Profile: Town Supervisor who rallied a town to secure its energy future and economy by setting out to go 100% renewable.
Larry Cantwell is the Town Supervisor of East Hampton, a mixed community of baymen and billionaires on Long Island, New York. Cantwell is at the helm as the town embarks on its journey to a sustainable, 100% renewable energy future. The Town Board, energized by community leaders and activists, are taking this bold action following the impact of Superstorm Sandy on East Hampton. Cantwell says Sandy was the moment his administration realized they had to develop a sustainable energy vision to boost the resilience of their community, help safeguard their local economy and take climate action.
Cantwell was East Hampton’s Village Administrator when Sandy struck and he spent countless hours at the emergency operations center with other officials, carefully monitoring the storm’s path and managing emergency response. The damage and the aftermath of the storm served as a wakeup call to him and the community at large. “Residential neighborhoods as well as municipal and commercial facilities were badly damaged and there were widespread and lengthy power outages. We experienced severe erosion of our beaches, extensive damage to the coastal landscape and the environment’s unique natural resources. It was a critical moment where we realized it was time for this small town to think big,” he says.
In 2013, less than one year after Sandy made landfall, the East Hampton Energy Sustainability Committee submitted a Comprehensive Energy Vision to the Town Board calling for deep changes to the existing energy policy by harnessing renewable energy, minimizing environmental impacts and maximizing economic benefits. In 2014, with Cantwell at the helm backed by bipartisan support, the Town Board adopted a transformational goal to meet 100% of the town’s energy needs with renewable sources by the year 2020.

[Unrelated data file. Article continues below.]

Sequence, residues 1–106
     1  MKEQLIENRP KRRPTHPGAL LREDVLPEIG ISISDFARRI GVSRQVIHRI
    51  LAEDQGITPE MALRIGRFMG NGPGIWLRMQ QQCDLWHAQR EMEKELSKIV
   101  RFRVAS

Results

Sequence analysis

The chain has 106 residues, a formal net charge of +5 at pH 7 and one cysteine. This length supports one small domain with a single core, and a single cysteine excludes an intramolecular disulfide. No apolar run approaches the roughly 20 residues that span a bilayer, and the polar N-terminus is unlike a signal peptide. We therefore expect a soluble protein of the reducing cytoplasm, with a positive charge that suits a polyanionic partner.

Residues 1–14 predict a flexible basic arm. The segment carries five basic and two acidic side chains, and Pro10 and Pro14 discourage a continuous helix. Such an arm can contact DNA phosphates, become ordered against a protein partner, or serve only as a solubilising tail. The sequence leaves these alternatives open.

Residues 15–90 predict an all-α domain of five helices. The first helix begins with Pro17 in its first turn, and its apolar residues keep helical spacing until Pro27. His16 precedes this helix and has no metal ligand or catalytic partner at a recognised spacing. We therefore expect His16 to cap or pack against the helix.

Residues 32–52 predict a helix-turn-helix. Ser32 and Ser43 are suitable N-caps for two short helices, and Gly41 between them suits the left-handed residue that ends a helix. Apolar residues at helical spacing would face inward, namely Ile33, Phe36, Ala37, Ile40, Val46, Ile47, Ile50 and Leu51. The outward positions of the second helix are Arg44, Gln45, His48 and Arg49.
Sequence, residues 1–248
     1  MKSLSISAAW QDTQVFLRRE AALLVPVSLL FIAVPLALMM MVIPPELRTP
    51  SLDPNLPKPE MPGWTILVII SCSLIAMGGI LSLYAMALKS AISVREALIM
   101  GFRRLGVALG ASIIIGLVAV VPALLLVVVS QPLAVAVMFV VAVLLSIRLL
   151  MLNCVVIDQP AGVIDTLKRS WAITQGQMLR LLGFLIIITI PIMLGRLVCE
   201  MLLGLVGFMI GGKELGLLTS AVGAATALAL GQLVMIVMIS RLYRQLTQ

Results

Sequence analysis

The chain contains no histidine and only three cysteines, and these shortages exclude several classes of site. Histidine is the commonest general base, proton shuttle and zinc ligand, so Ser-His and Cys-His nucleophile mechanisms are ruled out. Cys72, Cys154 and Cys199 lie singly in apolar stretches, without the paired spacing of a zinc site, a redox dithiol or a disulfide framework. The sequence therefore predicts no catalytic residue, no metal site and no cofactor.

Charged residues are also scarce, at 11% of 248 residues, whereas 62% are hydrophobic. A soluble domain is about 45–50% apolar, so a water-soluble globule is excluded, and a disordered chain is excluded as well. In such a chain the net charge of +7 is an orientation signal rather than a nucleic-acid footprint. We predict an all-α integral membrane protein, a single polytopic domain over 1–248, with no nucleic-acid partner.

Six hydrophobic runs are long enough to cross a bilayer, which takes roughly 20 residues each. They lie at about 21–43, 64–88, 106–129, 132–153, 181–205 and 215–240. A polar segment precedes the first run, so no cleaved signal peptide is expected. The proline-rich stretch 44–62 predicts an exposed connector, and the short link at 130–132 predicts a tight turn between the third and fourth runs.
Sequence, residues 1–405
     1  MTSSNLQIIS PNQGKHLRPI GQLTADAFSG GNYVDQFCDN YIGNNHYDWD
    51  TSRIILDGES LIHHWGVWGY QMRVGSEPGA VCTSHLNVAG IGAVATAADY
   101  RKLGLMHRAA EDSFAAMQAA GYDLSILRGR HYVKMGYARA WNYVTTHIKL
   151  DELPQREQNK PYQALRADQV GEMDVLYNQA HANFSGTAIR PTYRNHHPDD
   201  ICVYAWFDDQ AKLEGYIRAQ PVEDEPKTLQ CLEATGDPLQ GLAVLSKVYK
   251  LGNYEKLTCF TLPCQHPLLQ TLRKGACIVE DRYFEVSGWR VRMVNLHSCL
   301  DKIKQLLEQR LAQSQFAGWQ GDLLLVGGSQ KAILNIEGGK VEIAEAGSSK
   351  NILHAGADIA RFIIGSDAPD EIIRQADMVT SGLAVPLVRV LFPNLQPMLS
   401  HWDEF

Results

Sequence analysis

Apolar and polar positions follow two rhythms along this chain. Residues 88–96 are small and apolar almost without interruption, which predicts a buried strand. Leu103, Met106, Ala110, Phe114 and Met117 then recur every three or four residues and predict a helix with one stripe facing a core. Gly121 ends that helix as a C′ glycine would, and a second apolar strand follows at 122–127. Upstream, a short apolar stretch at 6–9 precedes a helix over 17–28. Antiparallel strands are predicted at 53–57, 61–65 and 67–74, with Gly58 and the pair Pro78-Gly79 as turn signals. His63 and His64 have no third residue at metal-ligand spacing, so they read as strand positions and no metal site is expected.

“This historic act put East Hampton on the map as the first town on the East Coast to set such an ambitious renewable energy target and it also led to an ambitious agenda for delivering this bold vision,” says Sylvia Overby, a Town Board member who had urged the energy committee, on which she serves as liaison, to come up with concrete proposals. Immediately, the town’s Natural Resources department, the committee, and others began turning the vision into reality by securing state grants.
The outlook is good according to Cantwell. “The town has received more than a dozen clean energy proposals ranging from utility scale solar farms to an offshore wind project. Testing is underway to show how a micro-grid supported by a mix of solar, battery storage, demand management and back-up generators can support critical facilities like the health care center, town hall, our police station, and a water pumping station during normal operation and emergencies such a hurricanes.”
Three large scale solar farms will be installed next year, the monitoring of electricity demand is being improved for efficiency, sites for battery storage are being located, and offshore wind turbines are expected to be installed in the Atlantic Ocean – connected to the island and East Hampton by underground transmission lines.
“We’ve got the perfect storm of conditions, ambition and expertise to transition to 100% renewable and distributed power,” explains Gordian Raacke, of the local not-for-profit group Renewable Energy Long Island.
The economic benefits of switching to renewable energy sources and reducing wasteful energy consumption practices are expected to be significant. Reducing energy waste by making buildings, air conditioners, appliances and lighting on average 20% more efficient can save local residents and businesses $12 million in electric bills annually.